Anyone who knows me knows I am absolutely militant about my company website. Over the past five years or so, I’ve encountered literally 400-something companies around the world who have stolen my original text. I’ve heard every excuse in the book from these sleazeball plagiarists:
“You can’t copyright text, only pictures…” (not true)
“You don’t own the English language…” (not relevant)
“We don’t even operate in the same market, so what does it matter?” (SO beside the point)
“How do I know you didn’t steal it from me?” (are you freaking kidding me?)
’m diligent about defending my copyright for a variety of reasons. For one thing, identical text across multiple websites is damaging to each of the sites’ search engine rankings. That’s a real, tangible harm to my company. Secondly, I feel that having my carefully crafted, original written work spread all over the Internet dilutes my brand — I take my writing very seriously, and every word on my site was written by my partner and me, which is something I’m proud of. Finally, I’m just a stickler for ethics. Screw the thieves who want to treat someone’s website like some kind of buffet from which to grab philosophies and FAQs and testimonials. Those things should be the true reflection of a business’ values and experience, and using someone else’s hits a low far beneath just petty laziness.
I’d love to help you defend your own copyright. First, though, let me make clear that this (obviously) isn’t legal advice — I’m not an attorney, just a business owner who has done a lot of research on the topic and has successfully defended her website from the aforementioned hundreds of thieves. Now that that’s out of the way…
Did you know that you own the copyright to the words you write from the second they come off your pen (or your keyboard)? Applying to register your copyright through the United States Copyright Office can afford you additional protection, in terms of both official documentation and increased penalties for copyright violators, but by no means is this required. Also, anyone who tells you that you need a trademark or a patent doesn’t know what they’re talking about — these things have nothing to do with text on a website.
There are several ways to find sites that are violating your copyright. One is to use a free site like Copyscape or its paid sister site, Copysentry, a subscription service that monitors your website and sends weekly reports of duplicate text on the Web. Another is to just enter phrases from your text, surrounded by question marks, directly into Google. (Over time, you’ll get an idea of which of your text is most appealing to thieves — for me, it’s my homepage text, philosophy, FAQs and assorted advice articles.) When some kind of third party, like a search engine or a monitoring site, detects duplication, that’s a pretty clear indicator that there’s a problem.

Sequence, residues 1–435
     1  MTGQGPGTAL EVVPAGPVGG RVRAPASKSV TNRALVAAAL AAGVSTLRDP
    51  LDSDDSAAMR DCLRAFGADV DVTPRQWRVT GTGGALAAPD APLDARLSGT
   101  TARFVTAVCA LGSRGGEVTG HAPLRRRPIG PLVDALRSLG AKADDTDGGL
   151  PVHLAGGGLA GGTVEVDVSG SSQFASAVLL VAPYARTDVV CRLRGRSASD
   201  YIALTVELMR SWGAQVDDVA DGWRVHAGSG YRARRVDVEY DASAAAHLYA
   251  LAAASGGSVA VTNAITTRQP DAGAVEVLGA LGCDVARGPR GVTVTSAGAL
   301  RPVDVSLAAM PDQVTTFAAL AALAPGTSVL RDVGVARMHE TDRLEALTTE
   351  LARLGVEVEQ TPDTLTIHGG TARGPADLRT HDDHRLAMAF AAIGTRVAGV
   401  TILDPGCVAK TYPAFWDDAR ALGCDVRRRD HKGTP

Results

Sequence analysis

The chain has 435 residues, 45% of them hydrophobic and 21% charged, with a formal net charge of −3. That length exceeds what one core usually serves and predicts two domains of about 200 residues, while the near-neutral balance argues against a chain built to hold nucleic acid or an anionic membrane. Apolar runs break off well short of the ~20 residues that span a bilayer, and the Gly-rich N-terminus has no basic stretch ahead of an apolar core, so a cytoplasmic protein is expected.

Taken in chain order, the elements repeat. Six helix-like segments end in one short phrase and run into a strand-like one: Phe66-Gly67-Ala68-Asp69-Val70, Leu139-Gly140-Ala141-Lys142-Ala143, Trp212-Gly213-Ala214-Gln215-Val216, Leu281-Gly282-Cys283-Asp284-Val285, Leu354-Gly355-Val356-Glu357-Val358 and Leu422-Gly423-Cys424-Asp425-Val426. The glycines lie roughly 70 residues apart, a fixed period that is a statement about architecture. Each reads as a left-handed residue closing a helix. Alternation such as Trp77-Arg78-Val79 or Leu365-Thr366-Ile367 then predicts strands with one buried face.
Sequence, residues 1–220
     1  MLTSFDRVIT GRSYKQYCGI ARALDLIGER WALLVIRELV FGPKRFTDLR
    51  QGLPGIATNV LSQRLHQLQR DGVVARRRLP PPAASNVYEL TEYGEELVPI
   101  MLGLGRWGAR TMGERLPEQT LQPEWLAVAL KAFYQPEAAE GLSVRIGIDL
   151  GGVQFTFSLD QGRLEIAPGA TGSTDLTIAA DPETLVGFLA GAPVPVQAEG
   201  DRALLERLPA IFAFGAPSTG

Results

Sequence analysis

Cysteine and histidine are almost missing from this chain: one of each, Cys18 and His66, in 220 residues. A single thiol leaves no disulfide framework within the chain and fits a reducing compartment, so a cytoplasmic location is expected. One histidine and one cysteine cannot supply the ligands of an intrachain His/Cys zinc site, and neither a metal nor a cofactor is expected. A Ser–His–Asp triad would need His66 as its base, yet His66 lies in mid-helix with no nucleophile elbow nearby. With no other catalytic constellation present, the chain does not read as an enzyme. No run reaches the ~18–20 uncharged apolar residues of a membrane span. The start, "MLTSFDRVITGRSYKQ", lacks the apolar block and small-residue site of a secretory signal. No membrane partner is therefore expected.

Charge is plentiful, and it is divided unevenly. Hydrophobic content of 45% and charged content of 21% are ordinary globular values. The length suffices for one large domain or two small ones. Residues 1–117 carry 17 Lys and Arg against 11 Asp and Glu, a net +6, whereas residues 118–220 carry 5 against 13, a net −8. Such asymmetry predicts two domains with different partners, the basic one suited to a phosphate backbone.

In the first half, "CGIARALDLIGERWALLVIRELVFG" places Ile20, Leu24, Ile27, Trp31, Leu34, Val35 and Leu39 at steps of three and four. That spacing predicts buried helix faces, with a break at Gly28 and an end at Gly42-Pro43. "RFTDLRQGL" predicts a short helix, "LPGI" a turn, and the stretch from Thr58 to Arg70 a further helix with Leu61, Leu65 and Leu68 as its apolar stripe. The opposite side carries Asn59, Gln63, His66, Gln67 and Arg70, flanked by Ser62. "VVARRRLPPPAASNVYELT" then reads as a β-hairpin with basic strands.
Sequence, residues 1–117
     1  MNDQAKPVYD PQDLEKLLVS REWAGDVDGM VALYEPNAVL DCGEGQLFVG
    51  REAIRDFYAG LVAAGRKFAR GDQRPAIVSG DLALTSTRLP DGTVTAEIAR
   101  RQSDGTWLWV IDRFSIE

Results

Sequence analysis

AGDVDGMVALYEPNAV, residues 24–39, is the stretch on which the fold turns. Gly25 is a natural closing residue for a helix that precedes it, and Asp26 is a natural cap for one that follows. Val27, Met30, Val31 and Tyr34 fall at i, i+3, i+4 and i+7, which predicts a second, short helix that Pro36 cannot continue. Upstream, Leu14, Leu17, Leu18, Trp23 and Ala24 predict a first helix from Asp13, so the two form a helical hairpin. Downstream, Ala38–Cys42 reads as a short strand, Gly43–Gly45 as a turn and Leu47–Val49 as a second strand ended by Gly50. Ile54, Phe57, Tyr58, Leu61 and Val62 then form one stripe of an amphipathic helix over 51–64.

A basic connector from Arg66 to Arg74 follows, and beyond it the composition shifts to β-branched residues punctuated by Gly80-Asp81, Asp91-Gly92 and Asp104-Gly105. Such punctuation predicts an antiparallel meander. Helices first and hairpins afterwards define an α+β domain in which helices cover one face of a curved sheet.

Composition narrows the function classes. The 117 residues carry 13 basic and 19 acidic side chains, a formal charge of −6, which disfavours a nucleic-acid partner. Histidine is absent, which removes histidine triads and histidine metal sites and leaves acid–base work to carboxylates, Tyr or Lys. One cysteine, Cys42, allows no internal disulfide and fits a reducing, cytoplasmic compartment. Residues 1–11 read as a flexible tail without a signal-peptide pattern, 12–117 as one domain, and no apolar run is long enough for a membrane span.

So you’ve found someone who’s stolen your website text — what do you do next? Sometimes I try a friendly approach (in which case I start with step #1 below), other times I’ll go straight to step #2 when I want to play hardball. I usually save that for truly egregious offenders.
Here’s my simple 3-step plan for going after website thieves:
1. Send a quick, to-the-point email:
It has come to my attention that your site is using my original, copyrighted material to promise your business. Specifically at issue is the following text <enter URL and text>. This text originally appears on my site at <enter your URL> and was written by me, and as such is protected by federal copyright law. Please remove this material from your site by <enter a deadline; I usually give 72 hours> to avoid further action. Thank you for your cooperation.”
3. Send a DMCA notification, in accordance with the instructions on the hosting company’s site. This usually consists of a simple outline, in which you provide your electronic signature, your contact information, the offending site’s info and your site’s info, and a statement that the information in the request is truthful, et cetera. If, after 72 hours or so, you haven’t received confirmation the the DMCA notification was received and processed (and the offending site has not removed your material), you can email the DMCA agent again to check on the status. When a DMCA notification is processed, the hosting company will either suspend the offending website until your material is removed, or in rare cases, will remove the material themselves.
It isn’t always that simple — sometimes foreign hosting companies have more convoluted processes for removing copyrighted material, since U.S. copyright law and the DMCA don’t apply — but generally speaking, I’d say 95% of the website thieves I have encountered have removed the material either voluntarily or under orders from their hosting company. It’s a great feeling taking a stand against being stolen from, and I encourage you to keep an eye on your website content to ensure the credit remains where it belongs: with you.